It’s a few weeks into January now, so, if you’re like me, the shiny new penny that is 2016 might have lost a bit of its luster. Maybe you’ve started setting goals and resolutions around your creative work, art, or handmade business.
Maybe you’ve started a new project, and it’s going great. (Yay, good for you!) Or maybe you’re trying something new and it’s completely and utterly draining to you.
How do you know if you are experiencing the usual doubt and lack of motivation that comes with any new project or, if you have made a mistake, and are actually de-railing yourself from the important stuff?
I think the true answer is: it can be hard to tell. I’ve been there. I’ve made several medium-sized “mistakes” in my creative venture in the two years since I’ve been making and writing. I am cheekily using the word ‘mistakes’ because truly these are not–I’ve tried a lot things out. Some have stuck. Some haven’t. Some weren’t exactly the right thing to be focusing on but others have led to me to that next, crucial step in my business.
Today’s post outlines the steps to take if you’re truly unsure whether or not you should continue on with a project that feels energy-depleting. How do you know if you should quit or forge through?
First, you’ll want to…
- Set your big picture goals.
If you’re struggling to figure out if it’s worth it to invest your time into certain projects or tasks, the first step is to zoom out and look at the big picture. Schedule time for a strategic planning session with yourself, a business partner, or an accountability partner. You can do this monthly perhaps. I have a full house with two young children so I like to take a long walk by myself. I leave my phone behind and just think. I loosely set an intention: What do I want to spend this next year working towards? What do I want to accomplish in the next few years? Don’t over think this too much. Just pay attention to those few things that rise to the top.
Next, write it all down. (Here’s a trick: If you can’t fit your list on a post-it note, it’s not a list of big-picture goals, it’s a to-do list.)
Here are mine:
Big picture goals for 2016
- Add digital sewing patterns to my shop to generate passive income
- Zero in on my target audience to strengthen my brand
- Connect with a mastermind or accountability partner
Big picture goals for the next 2-3 years
- Write a children’s book
- Write a DIY crafts book
- Put it to the test.
Now ask yourself: how does this thing or project I’m working on today fit into my vision for my business or my creative body of work?
Here are some tasks on my to-do list right now:
- pitch and write guest posts for the handmade, crafty community
- develop new designs of my handmade bamboo products
- finish creating PDFs of my sewing patterns
- take a Skillshare class on how to write a children’s book
When I hold each of these up to my big picture goals, it is easy to determine if it’s worth it to pursue each task or project (yes, no, yes, and yes in my case.)
It becomes crystal clear once you’ve done the hard work of big picture visioning.
- Get real.
Life is messy and of course isn’t perfect.
Sometimes we need to continue on with projects that don’t align with what we want to be doing five years from now. I know I’ve been guilty of saying yes, sign me up when I should have said heck no.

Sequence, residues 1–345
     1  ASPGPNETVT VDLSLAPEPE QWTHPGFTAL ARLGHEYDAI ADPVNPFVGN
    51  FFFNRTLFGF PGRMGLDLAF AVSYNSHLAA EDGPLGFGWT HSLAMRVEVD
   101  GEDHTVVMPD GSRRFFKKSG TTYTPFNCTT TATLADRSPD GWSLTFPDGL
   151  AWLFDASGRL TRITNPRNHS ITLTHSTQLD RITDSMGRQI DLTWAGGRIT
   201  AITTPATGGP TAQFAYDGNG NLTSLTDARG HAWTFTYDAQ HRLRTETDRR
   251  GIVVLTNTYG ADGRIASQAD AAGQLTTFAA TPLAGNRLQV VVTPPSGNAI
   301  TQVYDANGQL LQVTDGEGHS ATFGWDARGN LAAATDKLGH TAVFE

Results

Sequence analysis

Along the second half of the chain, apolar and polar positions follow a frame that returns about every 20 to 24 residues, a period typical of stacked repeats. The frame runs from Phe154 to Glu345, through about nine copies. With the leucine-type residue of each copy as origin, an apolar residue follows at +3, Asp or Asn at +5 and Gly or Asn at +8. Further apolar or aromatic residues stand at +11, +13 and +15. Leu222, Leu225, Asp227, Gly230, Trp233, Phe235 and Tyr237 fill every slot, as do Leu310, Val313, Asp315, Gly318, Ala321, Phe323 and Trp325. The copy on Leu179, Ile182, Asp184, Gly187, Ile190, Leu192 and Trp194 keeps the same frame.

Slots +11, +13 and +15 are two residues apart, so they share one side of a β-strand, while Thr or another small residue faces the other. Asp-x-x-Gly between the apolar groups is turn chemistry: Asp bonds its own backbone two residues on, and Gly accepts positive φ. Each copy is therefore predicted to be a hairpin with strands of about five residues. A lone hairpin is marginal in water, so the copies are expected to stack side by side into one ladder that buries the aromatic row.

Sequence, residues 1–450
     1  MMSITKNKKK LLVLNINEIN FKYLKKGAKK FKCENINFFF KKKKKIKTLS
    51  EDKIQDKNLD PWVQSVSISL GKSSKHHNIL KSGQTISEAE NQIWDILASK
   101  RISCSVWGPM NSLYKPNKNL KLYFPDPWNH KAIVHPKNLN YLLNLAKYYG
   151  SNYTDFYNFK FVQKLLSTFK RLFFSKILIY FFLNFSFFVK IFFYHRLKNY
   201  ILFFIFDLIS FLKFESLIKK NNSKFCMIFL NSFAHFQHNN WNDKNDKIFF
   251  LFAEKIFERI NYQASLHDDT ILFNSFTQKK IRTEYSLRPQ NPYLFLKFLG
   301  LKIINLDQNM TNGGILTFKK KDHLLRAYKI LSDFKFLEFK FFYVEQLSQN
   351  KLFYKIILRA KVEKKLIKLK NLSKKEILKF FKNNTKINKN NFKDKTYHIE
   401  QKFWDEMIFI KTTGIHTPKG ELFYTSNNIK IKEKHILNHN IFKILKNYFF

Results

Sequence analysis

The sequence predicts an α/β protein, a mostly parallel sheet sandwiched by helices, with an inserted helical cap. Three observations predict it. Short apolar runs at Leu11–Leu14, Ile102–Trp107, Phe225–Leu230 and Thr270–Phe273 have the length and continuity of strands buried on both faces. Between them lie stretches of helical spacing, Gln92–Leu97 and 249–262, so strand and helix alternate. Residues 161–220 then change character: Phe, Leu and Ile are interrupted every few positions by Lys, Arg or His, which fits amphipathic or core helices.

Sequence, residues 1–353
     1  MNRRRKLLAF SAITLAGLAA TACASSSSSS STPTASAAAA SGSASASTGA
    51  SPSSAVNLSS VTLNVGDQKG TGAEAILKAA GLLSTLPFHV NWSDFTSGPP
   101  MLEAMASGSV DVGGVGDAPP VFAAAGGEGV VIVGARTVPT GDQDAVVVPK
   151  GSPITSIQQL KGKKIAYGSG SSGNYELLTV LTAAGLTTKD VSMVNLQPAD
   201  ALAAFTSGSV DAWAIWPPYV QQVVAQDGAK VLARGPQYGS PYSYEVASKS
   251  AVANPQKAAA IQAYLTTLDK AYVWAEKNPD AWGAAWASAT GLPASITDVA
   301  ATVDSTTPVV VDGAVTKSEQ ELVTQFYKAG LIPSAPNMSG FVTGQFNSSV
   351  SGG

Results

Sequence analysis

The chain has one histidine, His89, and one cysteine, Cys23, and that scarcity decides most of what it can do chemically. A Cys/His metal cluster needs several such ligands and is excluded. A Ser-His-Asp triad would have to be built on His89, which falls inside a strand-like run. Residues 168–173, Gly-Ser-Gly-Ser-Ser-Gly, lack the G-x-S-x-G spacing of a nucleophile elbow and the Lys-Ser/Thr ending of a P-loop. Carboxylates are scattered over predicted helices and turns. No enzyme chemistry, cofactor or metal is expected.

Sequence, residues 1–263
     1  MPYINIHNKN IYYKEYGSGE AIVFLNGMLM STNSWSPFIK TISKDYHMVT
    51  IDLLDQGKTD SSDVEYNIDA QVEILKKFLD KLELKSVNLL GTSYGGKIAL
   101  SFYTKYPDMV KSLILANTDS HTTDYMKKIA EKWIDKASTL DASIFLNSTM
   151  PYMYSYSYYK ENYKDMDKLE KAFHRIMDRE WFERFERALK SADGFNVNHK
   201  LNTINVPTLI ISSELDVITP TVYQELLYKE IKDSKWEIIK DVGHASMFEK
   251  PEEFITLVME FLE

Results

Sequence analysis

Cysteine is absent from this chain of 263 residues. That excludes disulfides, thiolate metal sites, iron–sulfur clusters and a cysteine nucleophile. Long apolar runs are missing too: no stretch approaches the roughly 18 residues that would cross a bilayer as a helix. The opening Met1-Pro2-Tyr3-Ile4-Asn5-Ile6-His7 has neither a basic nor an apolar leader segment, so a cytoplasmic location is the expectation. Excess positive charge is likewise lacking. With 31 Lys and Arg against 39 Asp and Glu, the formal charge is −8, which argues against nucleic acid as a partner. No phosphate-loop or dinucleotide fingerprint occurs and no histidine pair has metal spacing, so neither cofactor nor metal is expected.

Coloring outside the lines with pilot projects and getting side-tracked with a just-for-fun new series on the blog aren’t always a bad thing. Sometimes they DO lead to wonderful new paths for your creative work.
But… if you’re feeling overwhelmed and as though you can’t actually get to those things you really want to be doing, it might be time to look at these distractions for what they are: busy work. It’s OK to start letting some of these things go.
Or, if you’ve made commitments that you can’t break, plan for your exit strategy. (And practice saying “thanks for thinking of me but I won’t be able to commit to this right now.”)
- Let it go. (Or, push on through.)
Being uncomfortable with a creative pursuit is not a good enough reason alone to step away from a project.
Here are some common feelings disguised as very good reasons to back away from a project:
“What if no one likes this.” Or, “What if no one notices that I made this thing?”
That’s just fear. And it’s a normal part of every creative process. Elizabeth Gilbert tells a wonderful story of a man in a lobster suit in her book Big Magic. I urge you to read this book if you haven’t yet. (I won’t spoil her retelling of this beautiful tale here, but I will say that I now have a talisman–a lobster– to call up when I am feeling unsure of myself, creatively speaking.)
Fear is a universal part of the creative human experience.
But I’m not talking about quitting out of fear.
I’m talking about quitting in an effort to create space for the work you want to be doing. Greg McKeown says in his tremendous gift of a book, Essentialism:
“Tune into the present. Focus on the things that are truly important–not yesterday or tomorrow, but right now.”
Editing your life, letting go of busywork, and trimming your creative pursuits to work for the one or two things that truly matter–this is the sweet spot. This is the place where the magic will happen in 2016.
How about you?
Are you working on a project that feels heavy? Have you experienced new opportunities from letting things slide and focusing on the important stuff? We’d love to hear, if you’d like to share in the comments below!
Rebecca Pitts is the founder and owner of Hudson + Daughter, an online shop that sells commissioned, handmade family treasures made of eco-friendly bamboo. She writes about running a creative business, making art for and with her daughter, and living in the Hudson Valley on her blog.